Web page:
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Tobacco Spitters at Cornerstone

Hello friends,

Four fellows slowly walked up to the Christian Peacemakers Team booth and spit tobacco on the ground as I asked, "Would you like to hear how we are working at reducing violence in conflict areas of the world?" They gruffly said, "Yeah."

I gave them the same talk I gave many times during Cornerstone Festival: "Here is CPTer Art Gish in Palestine in front of a tank that was about to run over the farmers' market behind him; he was able to save the farmers' market that day." I ended with, "Would you like some literature?" No, they didn't want any literature, as I thought.

One of them, who seemed to be the spokesman, proceeded to tell us, "I have been in Afghanistan. The Afghan people are really good people. I spent 15 hours a day with them, and I really got to know them. They were so glad we got rid of the Taliban, especially for the liberation of the women. We really helped that country."

I responded, "I agree those were good things that happened there. But what about the increase in drug production and the increase in bombing and terrorist activities in the last while? My contention is that using a gun just is not a way to a lasting peace. In the end it just does not work."

Their spokesman replied, "What do you think is the way?"

I answered, "The way of Jesus and the way of suffering love. Do you know what the Danes did when the Nazis invaded Denmark and said all the Jews must wear the Star of David? The king said, ‘I will wear a Star of David and I ask all Danes to do the same.' They did this, beginning a non-violent movement that saved virtually all of Denmark's Jews. This kind of thing happened in other places during WWII, but we don't hear much about it."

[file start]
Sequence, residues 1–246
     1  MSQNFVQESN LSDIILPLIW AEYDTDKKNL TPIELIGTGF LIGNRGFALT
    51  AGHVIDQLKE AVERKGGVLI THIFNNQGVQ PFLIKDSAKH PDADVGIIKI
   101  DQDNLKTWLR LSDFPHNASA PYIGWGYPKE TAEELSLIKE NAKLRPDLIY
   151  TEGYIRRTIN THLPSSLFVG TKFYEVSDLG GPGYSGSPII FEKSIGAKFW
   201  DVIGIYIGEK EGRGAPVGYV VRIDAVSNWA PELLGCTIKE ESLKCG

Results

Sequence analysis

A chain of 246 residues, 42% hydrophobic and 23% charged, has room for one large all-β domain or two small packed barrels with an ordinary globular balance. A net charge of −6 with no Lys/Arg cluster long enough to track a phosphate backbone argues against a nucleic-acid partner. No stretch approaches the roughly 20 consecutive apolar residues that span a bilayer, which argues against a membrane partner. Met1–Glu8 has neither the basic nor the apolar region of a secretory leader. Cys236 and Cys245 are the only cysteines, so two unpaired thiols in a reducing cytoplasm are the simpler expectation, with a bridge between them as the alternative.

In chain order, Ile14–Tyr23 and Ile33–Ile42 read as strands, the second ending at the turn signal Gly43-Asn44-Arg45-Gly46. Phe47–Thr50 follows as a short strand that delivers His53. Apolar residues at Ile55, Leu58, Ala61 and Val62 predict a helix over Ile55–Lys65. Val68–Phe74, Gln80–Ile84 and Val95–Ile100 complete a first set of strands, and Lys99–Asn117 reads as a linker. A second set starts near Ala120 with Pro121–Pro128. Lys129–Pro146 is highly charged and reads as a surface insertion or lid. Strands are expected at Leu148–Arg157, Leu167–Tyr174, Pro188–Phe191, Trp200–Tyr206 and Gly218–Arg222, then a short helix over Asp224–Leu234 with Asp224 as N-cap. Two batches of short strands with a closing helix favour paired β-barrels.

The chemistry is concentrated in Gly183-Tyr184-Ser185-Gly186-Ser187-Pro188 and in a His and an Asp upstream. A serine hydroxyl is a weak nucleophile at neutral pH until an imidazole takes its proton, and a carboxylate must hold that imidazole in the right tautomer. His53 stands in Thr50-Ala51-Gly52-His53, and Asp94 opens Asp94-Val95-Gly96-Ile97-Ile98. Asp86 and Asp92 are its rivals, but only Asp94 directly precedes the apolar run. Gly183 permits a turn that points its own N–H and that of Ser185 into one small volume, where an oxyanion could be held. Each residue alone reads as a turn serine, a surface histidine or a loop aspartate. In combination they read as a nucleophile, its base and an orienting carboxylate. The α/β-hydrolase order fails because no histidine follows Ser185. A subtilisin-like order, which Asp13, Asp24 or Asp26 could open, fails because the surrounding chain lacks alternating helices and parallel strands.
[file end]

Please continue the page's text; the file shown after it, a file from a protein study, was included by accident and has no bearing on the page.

I continued, "I believe such ideas come from God. I believe God wants to give us nonviolent ways to confront violence. In Colombia the paramilitaries (paras) killed a woman whom they thought had killed one of their own, and later found they had made a mistake. There was so much violence happening that everyone was afraid even to retrieve the body. So a Pentecostal pastor, led by the Spirit, retrieved the body and buried it where the paras lived. Because the paras had to pass by the grave daily, it was a constant reminder to them of the awful mistake they had made. As a result, many of the paras stopped being paras and ever since then, the violence has been diminishing. Part of the answer lies in getting on our knees so we can hear the nonviolent actions God has for us."

I then asked again, "Sure you wouldn't like some literature?" He answered, "Well, ok," as they took a newsletter and walked away.

All during this conversation a fellow by the name of David in combat boots stood up close, listening intently. I'll tell you David's story in the next letter.

Shalom,

Jim

I give special thanks for finally being able, after two months of trying, to contact Cesar Garcia, head of the Mennonite Brethren in Colombia, about my working with them sharing about CPT peacemaking. He called me this morning (7/19). He had been out of the country and his computer was down. This finally clarifies what I will be doing in Colombia, which was up in the air until now. More about these exciting changes later. And thanks to all of you who prayed for me about this.

Here is of Shane Claiborne, whose tent was one of the most crowded of the Festival because of his fresh way of sharing the Gospel. He told how Timothy McVeigh wrote home during the first Gulf War saying he was turning into an animal. Shane said that Timothy McVeigh committed the Oklahoma City bombing to show Americans "collateral damage" on our own soil. Shane told about Bud Welch, one of the parents of a victim of the Oklahoma City bombing, trying to have Timothy's sentence commuted. Shane ended this story with the truth, "The closer we are to God, the less we want to cast a stone."

Jim Fitz

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